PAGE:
This might be the widest Gilpin opens her mouth in The Hunt.
You know you’ve struck a nerve when the President of the United States criticizes your movie before it even comes out. Such was the case with The Hunt, a dark comedy co-written by Damon Lindelof of Lost and Watchmen fame; the movie saw its release date pushed back roughly six months after some real-world shootings in late 2019. Was it worth the wait (and the initial controversy)? It’s time to find out.
After a joking text exchange about hunting “deplorables” gets embraced by the conspiracy crowd, a group of “liberal elites” experience real-world fallout and decide to turn this joke into reality. To do this they abduct a dozen people with the intent of releasing and then hunting them down, though one of them awakens on the flight and is killed en route.
The remaining 11 are left gagged in a remote area where a large container is filled with weapons so that they may arm themselves. Within moments of selecting their guns, the group is targeted by sniper fire. Attempts to escape result in such gruesome ends as stepping on landmines, falling in spike-filled pits and being blown up by grenades. A handful gets clear of the initial area but are soon whittled down to two: Don (Wayne Duvall) and Crystal (Betty Gilpin).
Realizing they’re no longer on American soil, the pair try to get in touch with the U.S. embassy for extraction back home. Crystal sniffs out the deception, however, and concludes that the only way to survive the ordeal is to turn the hunters into the hunted.
For all of the blow back The Hunt got based on its story of liberals hunting conservatives, one need only watch a few minutes to figure out the whole thing has its tongue planted firmly in cheek. Everyone is a caricature of how one side of the political spectrum theoretically views the other, so the biggest thing you need to ask yourself is if you can take a joke? If the answer is yes, then you might have a good time. If not, move along.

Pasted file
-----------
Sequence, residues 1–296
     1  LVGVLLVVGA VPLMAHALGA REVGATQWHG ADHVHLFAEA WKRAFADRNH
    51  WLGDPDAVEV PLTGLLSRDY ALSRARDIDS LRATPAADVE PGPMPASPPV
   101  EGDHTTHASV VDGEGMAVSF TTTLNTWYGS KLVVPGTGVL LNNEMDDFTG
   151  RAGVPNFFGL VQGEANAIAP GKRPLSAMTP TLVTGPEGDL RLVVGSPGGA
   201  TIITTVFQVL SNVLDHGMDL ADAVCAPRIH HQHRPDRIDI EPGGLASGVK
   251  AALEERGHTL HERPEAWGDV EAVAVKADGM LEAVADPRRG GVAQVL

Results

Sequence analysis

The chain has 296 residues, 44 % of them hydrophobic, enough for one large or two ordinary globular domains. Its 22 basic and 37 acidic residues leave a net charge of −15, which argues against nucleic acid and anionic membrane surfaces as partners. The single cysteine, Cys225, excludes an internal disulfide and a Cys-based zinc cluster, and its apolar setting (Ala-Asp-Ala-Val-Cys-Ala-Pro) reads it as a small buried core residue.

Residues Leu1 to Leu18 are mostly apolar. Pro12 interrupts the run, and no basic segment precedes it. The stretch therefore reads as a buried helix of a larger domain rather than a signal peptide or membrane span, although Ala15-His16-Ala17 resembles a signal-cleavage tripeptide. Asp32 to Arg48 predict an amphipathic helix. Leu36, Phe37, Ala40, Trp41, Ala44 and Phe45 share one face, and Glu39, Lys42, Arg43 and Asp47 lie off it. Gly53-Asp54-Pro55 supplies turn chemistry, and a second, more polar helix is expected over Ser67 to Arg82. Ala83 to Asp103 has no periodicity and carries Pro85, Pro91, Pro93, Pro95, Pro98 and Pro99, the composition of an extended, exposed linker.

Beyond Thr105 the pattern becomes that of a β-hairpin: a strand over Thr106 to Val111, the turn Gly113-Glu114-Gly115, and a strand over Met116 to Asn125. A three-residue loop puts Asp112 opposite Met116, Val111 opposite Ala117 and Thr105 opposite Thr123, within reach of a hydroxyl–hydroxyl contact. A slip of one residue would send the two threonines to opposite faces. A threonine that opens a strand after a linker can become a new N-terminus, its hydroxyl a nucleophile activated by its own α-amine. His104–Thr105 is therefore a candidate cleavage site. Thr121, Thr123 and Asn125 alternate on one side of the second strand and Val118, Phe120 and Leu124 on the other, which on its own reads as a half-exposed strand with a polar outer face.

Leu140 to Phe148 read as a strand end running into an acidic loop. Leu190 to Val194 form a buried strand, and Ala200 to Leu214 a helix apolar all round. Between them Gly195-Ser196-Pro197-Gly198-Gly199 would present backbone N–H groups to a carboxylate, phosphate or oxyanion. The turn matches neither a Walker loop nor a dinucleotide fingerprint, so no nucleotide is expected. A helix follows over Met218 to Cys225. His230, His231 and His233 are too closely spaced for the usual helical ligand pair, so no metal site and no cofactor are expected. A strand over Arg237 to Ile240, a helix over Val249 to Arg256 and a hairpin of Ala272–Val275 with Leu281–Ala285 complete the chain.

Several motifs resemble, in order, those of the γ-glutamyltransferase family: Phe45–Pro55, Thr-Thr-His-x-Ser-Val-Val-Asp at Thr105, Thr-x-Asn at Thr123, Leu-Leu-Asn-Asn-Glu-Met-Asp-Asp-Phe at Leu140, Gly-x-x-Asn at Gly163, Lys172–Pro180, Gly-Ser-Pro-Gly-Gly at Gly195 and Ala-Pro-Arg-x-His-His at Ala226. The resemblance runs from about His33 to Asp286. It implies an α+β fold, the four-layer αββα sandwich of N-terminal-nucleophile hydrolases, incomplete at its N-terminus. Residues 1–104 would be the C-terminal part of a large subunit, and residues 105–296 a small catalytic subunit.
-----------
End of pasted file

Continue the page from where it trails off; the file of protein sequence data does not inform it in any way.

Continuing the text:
There’s tons of over-the-top violence, bordering on cartoonish. For instance, one guy getting shot with arrows incredulously asks what’s with the “Avatar shit.” People are blown up, impaled, gassed, poisoned, sniped and much more over the sub-90-minute run time. That allows things to move fast and the jokes not to wear out their welcome.
It takes nearly a third of the movie to elapse before Crystal has more than a few seconds of screen time, which seems weird considering she’s the lead. Along those same lines, Hilary Swank, who carries by far the most name recognition of the cast, has almost no presence in the film until the final 15 minutes or so. It makes for an odd structure and a final showdown that, while well implemented, doesn’t really feel like a payoff.
Plus, since nothing is taken seriously, The Hunt basically becomes a series of death sequences and one liners with very little plot or suspense to fill the moments between. It’s satire much more than comedy. As a spectacle it’s worth some chuckles. As a full-fledged motion picture it could’ve used a bit more depth. Also, was it us or was Gilpin trying to deliver all her lines while opening her mouth as little as possible? Ugh.
THE BONUS FEATURES
Keeping up with the brevity of the film, the Blu-ray’s extras consist of three short featurettes that run roughly 10 minutes combined. One breaks down the various deaths and another goes over the choreography of the final fight. They’re fine if that sort of thing interests you.
Looking back, the 2019 trailer presented a promise for a more interesting film than what was finally delivered earlier this year. It’s not a bad watch thanks to its outlandish violence and dark humour, but The Hunt feels like it could’ve done more with the premise.